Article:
Noel Moleta admits he barely gave a thought to the swathes of lush, green hop gardens surrounding the Tapawera property he’d bought to farm sheep and beef. All his working life, he’d farmed animals in the isolated reaches of the Pelorus Sounds, where the rolling hills of his farm, ‘Waitui,’ meet the sea, and its location is so far north, it’s actually further north than Wellington. Since the 1970s, when his father, Vince, bought ‘Waitui,’ Noel has been carrying on the sheep farming tradition his Italian immigrant grandfather Antonino Moleta established on D’Urville Island more than 125 years ago.
Almost a four-hour drive away, with the Pelorus Sounds end of the journey being a winding, unsealed track-of-a-road, the Tapawera farm purchase in 2015 was Noel’s and his wife Debbie’s plan to spend more time living closer to civilisation.
“All I knew about hop farming was that the industry had struggled through a downturn for quite a few years,” Noel remembers. “But then I saw a real estate advertisement for a hop farm up in the Sunshine Valley with an asking price of $10 million. I was amazed. I realised hops were very much in demand again.”
By the time he had introduced himself to his hop-grower neighbours, who willingly shared their knowledge about the industry, Noel was envisaging hop gardens stretching across his Tapawera farm, rather than paddocks filled with sheep.
A particularly serendipitous moment in those early days of his investigations was realising the most reliable hop-picking machine, favoured by most hop farmers, would be one manufactured by Wolf in Germany – which is where his son Aeron just happened to be living.
Aeron remembers the ‘phone call from his father to the home he shared with his German partner, Melanie, in the small village of Oberhof.
“My parents were coming to Germany and Dad wanted us all to make the trip to Bavaria to visit the Wolf factory,” Aeron remembers. “I’d never even been on a hop farm. I grew up in Marlborough, so I really didn’t know anything about hops, other than beer was made with them. I started researching on-line, finding out everything I could about growing hops.”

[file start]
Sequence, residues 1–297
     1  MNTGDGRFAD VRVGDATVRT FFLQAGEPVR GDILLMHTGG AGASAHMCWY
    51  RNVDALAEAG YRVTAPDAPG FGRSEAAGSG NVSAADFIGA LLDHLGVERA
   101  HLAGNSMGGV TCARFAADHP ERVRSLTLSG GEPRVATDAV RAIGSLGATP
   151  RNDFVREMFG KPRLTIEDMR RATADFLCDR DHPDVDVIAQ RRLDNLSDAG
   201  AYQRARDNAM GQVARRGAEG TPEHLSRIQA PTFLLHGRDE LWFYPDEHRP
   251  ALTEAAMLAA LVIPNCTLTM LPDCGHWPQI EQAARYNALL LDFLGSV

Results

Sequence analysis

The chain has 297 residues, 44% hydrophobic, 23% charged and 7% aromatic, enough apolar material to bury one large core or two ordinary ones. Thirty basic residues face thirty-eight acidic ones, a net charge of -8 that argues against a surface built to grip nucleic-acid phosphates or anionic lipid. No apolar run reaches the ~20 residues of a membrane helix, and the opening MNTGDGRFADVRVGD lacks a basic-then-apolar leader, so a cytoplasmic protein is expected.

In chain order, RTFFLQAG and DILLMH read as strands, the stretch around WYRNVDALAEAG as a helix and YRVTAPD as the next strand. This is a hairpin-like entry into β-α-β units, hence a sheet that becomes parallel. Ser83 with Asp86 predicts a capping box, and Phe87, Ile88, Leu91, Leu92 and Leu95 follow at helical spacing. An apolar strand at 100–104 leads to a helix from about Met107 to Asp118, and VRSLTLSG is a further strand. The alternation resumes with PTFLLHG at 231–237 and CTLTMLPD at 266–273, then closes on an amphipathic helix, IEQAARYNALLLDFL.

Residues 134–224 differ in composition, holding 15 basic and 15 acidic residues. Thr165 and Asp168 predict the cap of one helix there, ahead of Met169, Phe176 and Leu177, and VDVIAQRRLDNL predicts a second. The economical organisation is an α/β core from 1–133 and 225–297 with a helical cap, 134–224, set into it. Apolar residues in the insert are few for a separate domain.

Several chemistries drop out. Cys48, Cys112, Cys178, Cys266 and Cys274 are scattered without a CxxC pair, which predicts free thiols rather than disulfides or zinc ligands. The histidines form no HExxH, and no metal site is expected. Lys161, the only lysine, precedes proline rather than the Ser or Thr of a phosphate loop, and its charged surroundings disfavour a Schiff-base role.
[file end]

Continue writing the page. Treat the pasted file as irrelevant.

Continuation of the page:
Through e-mails and ‘phone calls, Noel arranged the visit to Wolf, which has been manufacturing hop pickers and various equipment for the hop farming industry since the 1950s. By the time their two-hour visit to the factory was over, the Moletas were ready to put in their order for the machinery and equipment which would fill four shipping containers and take many months to arrive in New Zealand.
Aeron and Melanie packed up their life in Oberhof and moved into the farmhouse at Tapawera – naming the property ‘Kotare Hops’ in honour of the many resident kotare (kingfishers).
Aeron says he learned as much as he could, as quickly as he could, by joining the team harvesting hops in 2017 on Dean Palmer’s hop farm.
The shipping containers arrived on the Tapawera property with two Wolf technicians and, over the following months, two-person teams arrived from Bavaria in relays to get the Wolf WHE513 up and running. Throughout the project, each team worked alongside Aeron and his older brother Braden, who is a well-qualified aircraft engineer and had also spent several years living in Germany.
The whole process was really quite incredible,” says Noel. “We were spending a huge amount of money, so I didn’t want to risk that investment by bringing in second-hand equipment. By buying brand new from Wolf, it meant Aeron and Braden had the benefit of the Wolf technicians teaching them how to run the whole set-up. That was invaluable because we were coming into the industry with no background experience. It also helped that Aeron and Braden speak German!”
Transforming the land into hop gardens cost approximately $55,000-a-hectare, the machinery from Wolf and building the complex to house it, along with the drying kiln, topped $3 million. The Moletas also paid for the technicians’ airfares and their wages. The set-up project was completed just in time for Tapawera’s newest hop farm to harvest its first crop in 2018.
With its new equipment and buildings, Kotare Hops boasts one of the most state-of-the-art hop sheds in the region. The gardens cover 28 hectares on the 144-hectare farm and around 700 sheep have been brought in from ‘Waitui’ to keep the bines nicely trimmed.
This is very much a Moleta family operation. While Braden runs ‘Waitui’ throughout the year, he brings his mechanical expertise to Kotare Hops during harvest.
Noel says their daughter Laura is “the shepherd in the family,” caring for the sheep based at Kotare Hops and pitching in with her husband Shawn Bentham at harvest time.
While the original intention to move closer to civilisation hasn’t quite come to fruition for Noel and Debbie, it’s still on their life plan. Come harvest time, they’ll join the family at Kotare Hops because, Noel jokes, “someone’s got to be there to sweep the floor.”
Written by Victoria Clark – 2021